Photo Exhibits and News
Worth checking out on the Web
William Klein, who photographed the energy of cities, died at age 96. He built his reputation with dreamlike images of New York, Rome, Moscow and Tokyo and cast a satirical eye on fashion in a decade of work for Vogue. From the New York Times obituary (link gifted). “One of his generation’s most celebrated photographers, represented in museums across Europe and the United States, Mr. Klein began his career as a restless postwar American in Paris who took a studio on the Left Bank, defied traditions and plunged into his anarchic visions of painting, sculpture, street and fashion photography, feature films and documentaries.” Vince Aletti in reviewing the recent Klein retrospective at the International Center of Photography notes “William Klein’s pictures will still knock you out….Klein’s “tabloid gone berserk” approach to street photography in New York and beyond,” has some great images to look at. Howard Greenberg Gallery also has some wonderful images to puruse. Or check out the New York Times’ review (link gifted) of the ICP show.
William Klein, “Bikini, Moskva (River), Moscow,” 1959.
With his wide-angle lens, an elderly onlooker and an exuberant sunbather, Klein turned a park into a theatrical stage.
Credit...William Klein and Howard Greenberg Gallery
Wolfgang Tillmans has a major exhibit opening in New York at the Museum of Modern Art. The website notes, "The viewer...should enter my work through their own eyes, and their own lives,” the photographer Wolfgang Tillmans has said. An incisive observer and a creator of dazzling pictures, Tillmans has experimented for over three decades with what it means to engage the world through photography. Presenting the full breadth and depth of the artist’s career, Wolfgang Tillmans: To look without fear invites us to experience the artist’s vision of what it feels like to live today."
The New Yorker has a review of the show and an interview with him, noting, “what one experiences walking through a Tillmans installation is relief from the usual manipulations of picture-making. His career is a lifelong inquiry into what gives an image meaning, including formalist experiments made without a camera... Tillman’s sincerity has not wavered....His evident commitment to the secular liberal consensus might seem wishful, if his freedoms, as a gay man whose life has transcended national boundaries, were not so contingent on politics.”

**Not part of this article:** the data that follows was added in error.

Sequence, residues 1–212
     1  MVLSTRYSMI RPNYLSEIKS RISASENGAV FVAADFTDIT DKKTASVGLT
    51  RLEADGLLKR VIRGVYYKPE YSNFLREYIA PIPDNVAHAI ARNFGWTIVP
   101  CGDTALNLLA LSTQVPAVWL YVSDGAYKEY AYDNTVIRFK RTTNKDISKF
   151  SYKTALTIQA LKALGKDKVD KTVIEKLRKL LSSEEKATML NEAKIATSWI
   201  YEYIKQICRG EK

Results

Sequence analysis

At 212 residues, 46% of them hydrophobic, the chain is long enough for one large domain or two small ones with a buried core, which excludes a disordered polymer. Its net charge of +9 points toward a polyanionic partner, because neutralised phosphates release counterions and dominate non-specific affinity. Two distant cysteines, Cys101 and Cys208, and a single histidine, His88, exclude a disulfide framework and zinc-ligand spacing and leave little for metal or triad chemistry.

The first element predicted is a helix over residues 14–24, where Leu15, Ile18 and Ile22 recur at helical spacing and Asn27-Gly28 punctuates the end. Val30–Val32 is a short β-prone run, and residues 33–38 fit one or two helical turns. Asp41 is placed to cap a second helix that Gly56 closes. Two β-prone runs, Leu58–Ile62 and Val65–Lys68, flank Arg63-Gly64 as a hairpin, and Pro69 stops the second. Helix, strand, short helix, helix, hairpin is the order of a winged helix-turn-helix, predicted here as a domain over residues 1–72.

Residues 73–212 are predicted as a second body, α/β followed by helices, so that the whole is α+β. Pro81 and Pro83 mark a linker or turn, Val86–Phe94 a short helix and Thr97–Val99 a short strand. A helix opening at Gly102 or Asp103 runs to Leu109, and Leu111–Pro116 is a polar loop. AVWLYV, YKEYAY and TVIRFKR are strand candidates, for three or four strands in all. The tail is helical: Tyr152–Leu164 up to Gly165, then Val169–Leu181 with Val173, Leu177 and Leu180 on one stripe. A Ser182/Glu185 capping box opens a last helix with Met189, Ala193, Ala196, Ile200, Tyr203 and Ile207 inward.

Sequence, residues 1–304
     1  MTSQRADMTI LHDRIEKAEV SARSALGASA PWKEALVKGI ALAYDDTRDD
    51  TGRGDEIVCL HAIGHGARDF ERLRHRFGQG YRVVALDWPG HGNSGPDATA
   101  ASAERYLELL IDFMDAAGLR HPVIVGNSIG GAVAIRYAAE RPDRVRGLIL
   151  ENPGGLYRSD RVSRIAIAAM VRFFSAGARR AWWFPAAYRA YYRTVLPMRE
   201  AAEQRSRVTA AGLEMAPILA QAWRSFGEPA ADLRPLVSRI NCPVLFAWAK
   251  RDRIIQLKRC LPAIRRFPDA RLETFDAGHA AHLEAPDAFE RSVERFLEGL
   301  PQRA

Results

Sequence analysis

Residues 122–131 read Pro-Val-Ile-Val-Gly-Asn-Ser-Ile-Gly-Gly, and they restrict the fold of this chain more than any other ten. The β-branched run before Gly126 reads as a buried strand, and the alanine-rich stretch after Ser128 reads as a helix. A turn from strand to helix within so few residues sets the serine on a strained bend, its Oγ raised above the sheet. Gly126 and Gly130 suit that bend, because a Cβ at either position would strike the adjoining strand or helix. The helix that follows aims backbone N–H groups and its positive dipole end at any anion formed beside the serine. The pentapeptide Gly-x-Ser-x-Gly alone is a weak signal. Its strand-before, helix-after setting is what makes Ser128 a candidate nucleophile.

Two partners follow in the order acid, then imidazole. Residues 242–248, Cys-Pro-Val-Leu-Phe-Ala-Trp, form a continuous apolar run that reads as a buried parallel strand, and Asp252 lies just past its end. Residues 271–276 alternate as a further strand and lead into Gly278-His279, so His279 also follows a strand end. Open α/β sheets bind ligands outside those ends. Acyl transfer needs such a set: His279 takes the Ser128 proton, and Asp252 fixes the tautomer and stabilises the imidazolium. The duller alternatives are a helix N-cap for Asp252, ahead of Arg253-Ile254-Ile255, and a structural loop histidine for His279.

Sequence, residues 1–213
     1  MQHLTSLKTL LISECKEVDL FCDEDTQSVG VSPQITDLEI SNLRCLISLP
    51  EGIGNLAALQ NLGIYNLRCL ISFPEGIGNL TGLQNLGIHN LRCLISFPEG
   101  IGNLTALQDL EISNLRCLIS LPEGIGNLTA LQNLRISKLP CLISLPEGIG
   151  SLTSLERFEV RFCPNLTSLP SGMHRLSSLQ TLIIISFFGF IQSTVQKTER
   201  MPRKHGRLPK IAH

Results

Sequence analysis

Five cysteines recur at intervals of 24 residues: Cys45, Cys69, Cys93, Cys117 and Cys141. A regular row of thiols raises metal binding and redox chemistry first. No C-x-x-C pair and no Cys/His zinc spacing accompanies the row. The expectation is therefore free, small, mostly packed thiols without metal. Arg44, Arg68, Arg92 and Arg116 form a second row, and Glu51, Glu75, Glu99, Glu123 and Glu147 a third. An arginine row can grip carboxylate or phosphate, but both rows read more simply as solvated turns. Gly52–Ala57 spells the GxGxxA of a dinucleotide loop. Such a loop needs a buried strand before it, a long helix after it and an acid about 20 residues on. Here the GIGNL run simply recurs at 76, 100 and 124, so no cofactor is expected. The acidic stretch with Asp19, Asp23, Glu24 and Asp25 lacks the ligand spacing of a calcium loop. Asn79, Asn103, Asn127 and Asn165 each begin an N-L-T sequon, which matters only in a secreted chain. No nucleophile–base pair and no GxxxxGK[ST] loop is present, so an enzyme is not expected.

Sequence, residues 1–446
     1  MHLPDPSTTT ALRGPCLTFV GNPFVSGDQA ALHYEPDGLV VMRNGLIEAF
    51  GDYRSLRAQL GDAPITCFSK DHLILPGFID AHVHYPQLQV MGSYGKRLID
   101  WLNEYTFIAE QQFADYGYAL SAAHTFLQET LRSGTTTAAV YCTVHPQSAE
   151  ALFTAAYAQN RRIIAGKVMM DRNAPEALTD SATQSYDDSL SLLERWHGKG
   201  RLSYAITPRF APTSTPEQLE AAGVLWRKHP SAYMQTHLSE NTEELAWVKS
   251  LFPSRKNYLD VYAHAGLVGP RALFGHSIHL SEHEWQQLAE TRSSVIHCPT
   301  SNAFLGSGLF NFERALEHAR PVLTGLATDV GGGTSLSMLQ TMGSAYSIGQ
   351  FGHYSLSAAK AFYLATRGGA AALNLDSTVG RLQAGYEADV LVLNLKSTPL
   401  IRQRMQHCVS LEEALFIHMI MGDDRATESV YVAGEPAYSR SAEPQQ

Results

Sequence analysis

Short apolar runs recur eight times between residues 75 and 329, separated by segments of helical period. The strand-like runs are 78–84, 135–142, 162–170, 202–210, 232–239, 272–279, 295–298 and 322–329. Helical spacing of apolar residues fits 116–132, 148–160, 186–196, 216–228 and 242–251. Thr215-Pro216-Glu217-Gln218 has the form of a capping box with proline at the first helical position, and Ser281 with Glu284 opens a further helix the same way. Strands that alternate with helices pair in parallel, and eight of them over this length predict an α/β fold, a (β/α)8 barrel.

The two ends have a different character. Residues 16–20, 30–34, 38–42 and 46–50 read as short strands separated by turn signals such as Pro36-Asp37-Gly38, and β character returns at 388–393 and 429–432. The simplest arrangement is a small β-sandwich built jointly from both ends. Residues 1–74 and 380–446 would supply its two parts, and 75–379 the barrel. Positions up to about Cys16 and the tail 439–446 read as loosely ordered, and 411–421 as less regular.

The New York Times review (article gifted) notes, “Wolfgang Tillmans: Older, Wiser, Cooler" -- the artist has concerned himself with “the poetry of looking,” blurring the line between party and protest. But, increasingly, it’s politics on his mind.” The Vulture review by Jerry Saltz notes “Wolfgang Tillmans Changed What Photos Look Like, A career retrospective becomes a cathedral of the mundane.” Art News calls the exhibit one of the best of the year. His gallery is David Zwirner. Related, exhibition book
Diane Arbus, known for her unrelenting direct photographs of people who are considered social deviates, was part of an exhibit 50 years ago at MOMA. That exhibit is recreated and gets a new look at at David Zwirner. They are also publishing a 500-page book of writings about Arbus called “Documents.” A story about it in the New York Times (article gifted).
Southern Exposures: Nearly 40 years ago, photographer Baldwin Lee embarked on a 2,000-mile road trip throughout the American South from his home in Knoxville, TN, where he is a professor of art at the University of Tennessee. Over the subsequent seven years, he made several trips throughout the South, photographing Black Americans at home and at work, in urban and rural settings. Lee’s first solo show in New York opens September 22 at Howard Greenberg Gallery. The show, which presents 30 photographs from an archive of nearly 10,000 images, coincides with a monograph of Lee’s work, published by Hunters Point Press this month (Source: https://photographmag.com/)
“Working Together, The Photographers of the Kamoinge Workshop” has traveled from Virginia Museum of Fine Arts to the Whitney to now the J Paul Getty Museum. Explore the exhibit here. Check out the related videos
Photographer and professor Jeff Sedlik bought a framed photograph at an estate sale held last year at Schwenke Auctioneers in Woodbury, CT, for $2,200, but when he took the photograph out of its frame, he discovered a second photograph hidden behind the first: a rare 19th-century platinum print by Alfred Stieglitz. [artnet news]
American Silence. The Photographs of Robert Adams. For 50 years, Robert Adams (b. 1937) has made compelling, provocative, and highly influential photographs that show us the wonder and fragility of the American landscape, its inherent beauty, and the inadequacy of our response to it. This exhibit is currently at the National Gallery and moves on to the Nevada Museum of Art, Reno, opening October 29, 202.